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Getting the Most Professional Presence from LinkedIn, Part 1

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Are you looking for a new job or new clients right now? Would you like access to over 125,000 recruiters and over 125 different industries? Did you know that the all professional social network LinkedIn touts 55 million members and has members from all 500 of the Fortune 500 companies—many at the senior decision making professional level?  


A strong professional presence on LinkedIn is a part of building your personal brand and strengthening your overall Internet presence; both of which are vital in succeeding in today’s attention economy. As we all would agree, it is human nature to want to do business with people you know and like, and most importantly, that you have confidence in and trust. A stand-out professional profile along with a strong professional presence on LinkedIn is a great calling card for potential clients and customers to increase familiarity and confidence in you and your company.  Did you know the majority of potential employers and customers look at your connections and recommendations in your profile first? Have you considered that visibility and thoughtful participation is a key in your brand on LinkedIn? 


Getting the Most Professional Internet Presence from LinkedIn:
Connections: LinkedIn is about networking, and networking is about connecting. You are significantly more likely to receive a job inquiry or a positive first impression with a recruiter or possible new client viewing your profile if you have at least twenty-five connections. The first place to start in building your connections network is naturally to connect with family and friends along with past and current clients, partners, vendors, classmates, employers, managers, reports, and co-workers. An effective Networker accepts invitations from people met on LinkedIn in other industries too. A great Networker sends connection invitations to those they desire as an employer or client; to those from a different industry they would like to work in or know more about; to those from non-profits or charities they support or just admire; to those from mutual LinkedIn groups; and to recruiters if job hunting.  Search new companies and industries for contacts you may already have in them to add to your connections.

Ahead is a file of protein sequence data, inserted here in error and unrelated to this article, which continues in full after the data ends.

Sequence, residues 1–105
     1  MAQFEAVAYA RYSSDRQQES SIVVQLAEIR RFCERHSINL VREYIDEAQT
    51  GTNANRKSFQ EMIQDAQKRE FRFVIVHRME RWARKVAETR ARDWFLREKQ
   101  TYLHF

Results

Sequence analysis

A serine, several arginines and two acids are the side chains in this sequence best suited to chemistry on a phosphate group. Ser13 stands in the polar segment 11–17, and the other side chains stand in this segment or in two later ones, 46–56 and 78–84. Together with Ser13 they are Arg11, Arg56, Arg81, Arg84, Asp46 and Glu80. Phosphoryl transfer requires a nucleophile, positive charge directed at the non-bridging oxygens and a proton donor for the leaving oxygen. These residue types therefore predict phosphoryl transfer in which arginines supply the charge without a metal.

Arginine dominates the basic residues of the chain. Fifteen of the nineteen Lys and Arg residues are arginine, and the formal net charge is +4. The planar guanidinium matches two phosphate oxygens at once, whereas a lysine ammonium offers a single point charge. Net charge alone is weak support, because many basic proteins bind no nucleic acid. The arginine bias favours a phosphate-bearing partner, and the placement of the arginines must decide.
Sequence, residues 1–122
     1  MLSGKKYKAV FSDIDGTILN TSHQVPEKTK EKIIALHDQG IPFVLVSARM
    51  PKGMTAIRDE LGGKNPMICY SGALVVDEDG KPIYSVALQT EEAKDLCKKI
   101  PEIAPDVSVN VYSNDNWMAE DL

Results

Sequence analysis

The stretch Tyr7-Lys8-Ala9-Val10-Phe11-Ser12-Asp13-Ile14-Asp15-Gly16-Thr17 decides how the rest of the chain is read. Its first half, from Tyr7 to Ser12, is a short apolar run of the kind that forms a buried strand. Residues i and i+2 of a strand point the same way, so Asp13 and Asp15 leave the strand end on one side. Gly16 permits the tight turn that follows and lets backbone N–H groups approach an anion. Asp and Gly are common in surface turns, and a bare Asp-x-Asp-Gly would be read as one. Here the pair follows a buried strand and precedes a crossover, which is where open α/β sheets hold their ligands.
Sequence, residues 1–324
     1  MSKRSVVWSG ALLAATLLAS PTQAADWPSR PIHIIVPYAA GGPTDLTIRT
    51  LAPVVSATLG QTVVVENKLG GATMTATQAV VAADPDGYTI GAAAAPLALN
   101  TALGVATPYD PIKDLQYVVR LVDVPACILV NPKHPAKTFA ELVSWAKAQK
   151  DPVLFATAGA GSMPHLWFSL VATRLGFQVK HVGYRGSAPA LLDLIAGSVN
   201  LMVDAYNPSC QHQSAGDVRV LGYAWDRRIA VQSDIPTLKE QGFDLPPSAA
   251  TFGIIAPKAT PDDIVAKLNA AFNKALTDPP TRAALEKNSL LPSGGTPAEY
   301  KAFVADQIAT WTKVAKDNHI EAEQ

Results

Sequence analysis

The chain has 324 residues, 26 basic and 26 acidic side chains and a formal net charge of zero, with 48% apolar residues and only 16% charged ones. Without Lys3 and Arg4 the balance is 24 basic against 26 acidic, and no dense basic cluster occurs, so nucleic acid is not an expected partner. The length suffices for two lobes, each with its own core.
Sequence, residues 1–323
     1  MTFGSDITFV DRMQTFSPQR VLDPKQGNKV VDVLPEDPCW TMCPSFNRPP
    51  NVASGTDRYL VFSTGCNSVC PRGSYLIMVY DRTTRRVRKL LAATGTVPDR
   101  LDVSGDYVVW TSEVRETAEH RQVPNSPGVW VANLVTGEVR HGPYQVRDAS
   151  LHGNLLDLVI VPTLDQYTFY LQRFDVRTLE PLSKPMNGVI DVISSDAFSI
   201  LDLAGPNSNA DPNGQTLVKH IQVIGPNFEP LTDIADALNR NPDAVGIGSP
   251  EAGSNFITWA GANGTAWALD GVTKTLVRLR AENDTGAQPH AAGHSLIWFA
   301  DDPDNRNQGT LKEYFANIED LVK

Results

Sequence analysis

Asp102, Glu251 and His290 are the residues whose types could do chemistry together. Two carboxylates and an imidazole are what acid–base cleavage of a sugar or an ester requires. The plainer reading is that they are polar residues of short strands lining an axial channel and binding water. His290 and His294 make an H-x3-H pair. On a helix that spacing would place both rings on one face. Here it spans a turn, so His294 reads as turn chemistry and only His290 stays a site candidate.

Personalize the connection invitation by including a note expressing how nice it is to reconnect on LinkedIn with someone you know or a note introducing yourself and prefacing why you would like to connect with someone you do not know personally.  In the prefacing note include why you want to connect, what you liked about the person’s profile, and what mutual benefit connecting might have. You may also use the introductions request feature to connect to a person that is a connection of one of your connections. There is a limited amount of introduction requests, so choose these with careful purpose and only send to those connections that are likely to actually provide the introduction. Make introductions yourself if asked. It is fine to initially ask the person requesting the introduction for their purpose if you are not sure to clarify. 


LinkedIn does have rules regarding connection invitations, and all invitations should adhere to these to maintain a good reputation within the LinkedIn community. Spamming is not allowed and is in poor professional taste frankly.  There are rules to sending invitations to people you do not know. They may mark the invitation with an “I don’t know” response.   Should you reach the “I don’t know” response limit, you may be asked for the invitee’s email address to send any connection invitations in the future.